Which Marine Parks are exposed to the most tropical cyclone activity?

  • The Coral Sea Marine Park and Marine Parks in the North-west are exposed to the most tropical cyclone activity.

Tropical cyclones (also known as hurricanes or typhoons, depending on where you live) generate high wind and heavy seas that can damage infrastructure and injure or kill plants and animals living in our Marine Parks. For example, in 2011 severe tropical cyclone Yasi caused major damage to coral reefs in the Great Barrier Reef (read about it) and Coral Sea by breaking corals, ripping them off the reefs and burying them in sand.

In Australia, tropical cyclones are ranked from category 1 to 5 based on their intensity, with 5 being the strongest (see how the ranking schemes vary across the world). The potential destructiveness of a cyclone, however, depends also on its size (spatial extent) - bigger cyclones can generate extreme conditions over a much larger area than small cyclones (learn more).

The map above combines cyclone intensity and size to measure exposure to tropical cyclone 'activity' (for methods, see Carrigan and Puotinen 2011). It shows the average number of days each pixel was exposed to extreme conditions from a cyclone (winds of at least gale force - 17 m/s-1) across tropical Australia, based on the time period 1985 to 2015. Of the Marine Parks exposed to cyclones, activity is typically highest in the Coral Sea and the Gascoyne.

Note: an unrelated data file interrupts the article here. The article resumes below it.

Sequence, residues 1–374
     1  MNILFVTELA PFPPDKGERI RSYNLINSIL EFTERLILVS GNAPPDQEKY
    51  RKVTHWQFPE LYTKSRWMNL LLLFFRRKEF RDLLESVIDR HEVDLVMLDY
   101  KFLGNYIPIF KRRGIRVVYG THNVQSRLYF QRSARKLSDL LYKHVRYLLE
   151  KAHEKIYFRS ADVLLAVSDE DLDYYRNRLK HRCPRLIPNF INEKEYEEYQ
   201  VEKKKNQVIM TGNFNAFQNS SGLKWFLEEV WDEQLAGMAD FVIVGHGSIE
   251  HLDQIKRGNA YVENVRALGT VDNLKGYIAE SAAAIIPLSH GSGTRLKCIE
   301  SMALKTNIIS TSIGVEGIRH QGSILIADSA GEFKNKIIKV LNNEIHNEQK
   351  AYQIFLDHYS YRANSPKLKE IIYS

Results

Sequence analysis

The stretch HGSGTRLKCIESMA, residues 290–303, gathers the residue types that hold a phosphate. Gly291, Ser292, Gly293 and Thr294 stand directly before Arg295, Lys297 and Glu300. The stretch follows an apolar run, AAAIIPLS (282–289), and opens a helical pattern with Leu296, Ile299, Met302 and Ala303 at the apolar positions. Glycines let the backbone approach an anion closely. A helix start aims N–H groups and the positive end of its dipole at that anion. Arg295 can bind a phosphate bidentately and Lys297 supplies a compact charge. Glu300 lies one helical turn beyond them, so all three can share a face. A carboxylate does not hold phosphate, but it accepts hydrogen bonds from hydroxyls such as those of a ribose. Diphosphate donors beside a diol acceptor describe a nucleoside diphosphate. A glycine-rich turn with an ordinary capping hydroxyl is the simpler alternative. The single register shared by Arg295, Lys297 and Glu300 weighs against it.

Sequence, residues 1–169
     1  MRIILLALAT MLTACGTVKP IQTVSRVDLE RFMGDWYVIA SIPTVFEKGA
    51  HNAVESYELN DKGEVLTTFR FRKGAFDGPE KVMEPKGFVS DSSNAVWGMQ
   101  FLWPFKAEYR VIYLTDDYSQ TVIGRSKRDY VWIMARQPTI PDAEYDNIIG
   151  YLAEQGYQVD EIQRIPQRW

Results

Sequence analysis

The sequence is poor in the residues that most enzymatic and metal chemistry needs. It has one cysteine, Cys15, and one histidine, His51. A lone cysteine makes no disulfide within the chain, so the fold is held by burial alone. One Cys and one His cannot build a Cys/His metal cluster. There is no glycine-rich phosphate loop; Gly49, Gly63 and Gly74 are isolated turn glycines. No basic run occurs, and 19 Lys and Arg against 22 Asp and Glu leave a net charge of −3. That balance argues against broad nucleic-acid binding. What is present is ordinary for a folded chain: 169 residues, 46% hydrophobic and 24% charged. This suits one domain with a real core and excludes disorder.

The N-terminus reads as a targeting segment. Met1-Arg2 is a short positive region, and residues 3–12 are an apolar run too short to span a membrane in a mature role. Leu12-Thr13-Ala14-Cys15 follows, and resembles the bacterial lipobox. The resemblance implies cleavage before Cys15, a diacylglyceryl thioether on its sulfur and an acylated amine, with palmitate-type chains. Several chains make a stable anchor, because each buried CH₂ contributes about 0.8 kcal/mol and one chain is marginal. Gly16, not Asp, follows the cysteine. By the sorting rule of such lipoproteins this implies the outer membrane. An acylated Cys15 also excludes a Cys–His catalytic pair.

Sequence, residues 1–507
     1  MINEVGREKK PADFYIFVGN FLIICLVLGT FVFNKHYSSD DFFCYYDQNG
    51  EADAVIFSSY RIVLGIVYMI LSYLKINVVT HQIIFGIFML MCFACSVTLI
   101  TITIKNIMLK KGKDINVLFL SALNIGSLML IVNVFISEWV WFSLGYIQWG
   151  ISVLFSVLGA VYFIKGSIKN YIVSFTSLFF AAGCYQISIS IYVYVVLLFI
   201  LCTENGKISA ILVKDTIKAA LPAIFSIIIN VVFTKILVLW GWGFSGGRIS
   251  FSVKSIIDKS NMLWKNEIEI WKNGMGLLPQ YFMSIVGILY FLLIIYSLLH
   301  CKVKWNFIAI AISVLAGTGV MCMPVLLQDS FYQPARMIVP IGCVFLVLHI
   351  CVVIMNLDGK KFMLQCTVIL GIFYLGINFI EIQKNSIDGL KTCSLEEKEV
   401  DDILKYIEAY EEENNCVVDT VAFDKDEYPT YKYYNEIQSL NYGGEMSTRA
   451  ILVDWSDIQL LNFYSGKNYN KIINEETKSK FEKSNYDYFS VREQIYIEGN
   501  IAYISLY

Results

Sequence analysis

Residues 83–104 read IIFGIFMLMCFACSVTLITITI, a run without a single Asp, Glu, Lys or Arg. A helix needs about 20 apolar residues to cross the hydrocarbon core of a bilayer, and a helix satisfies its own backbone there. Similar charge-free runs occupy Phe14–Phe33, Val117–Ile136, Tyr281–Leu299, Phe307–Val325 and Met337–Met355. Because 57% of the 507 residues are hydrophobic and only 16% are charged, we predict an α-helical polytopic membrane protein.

A similar analysis for the time period 1985-2009 (below) shows you that cyclone activity in generally lower across Australia compared to the NW and NE Pacific, but is similar to that of the Caribbean and the SE Indian Ocean.

Further information:

Carrigan, A. D., & Puotinen, M. L. (2011). Assessing the potential for tropical cyclone induced sea surface cooling to reduce thermal stress on the world's coral reefs. Geophysical Research Letters, 38(23).

Puotinen, M., Maynard, J. A., Beeden, R., Radford, B., & Williams, G. J. (2016). A robust operational model for predicting where tropical cyclone waves damage coral reefs. Scientific reports, 6, 26009.

For more information contact Marji Puotinen of the Australian Institute of Marine Science at M.Puotinen@aims.gov.au.

How to use the map

Click this button (third from top on the left hand side of the map) to see the map metadata.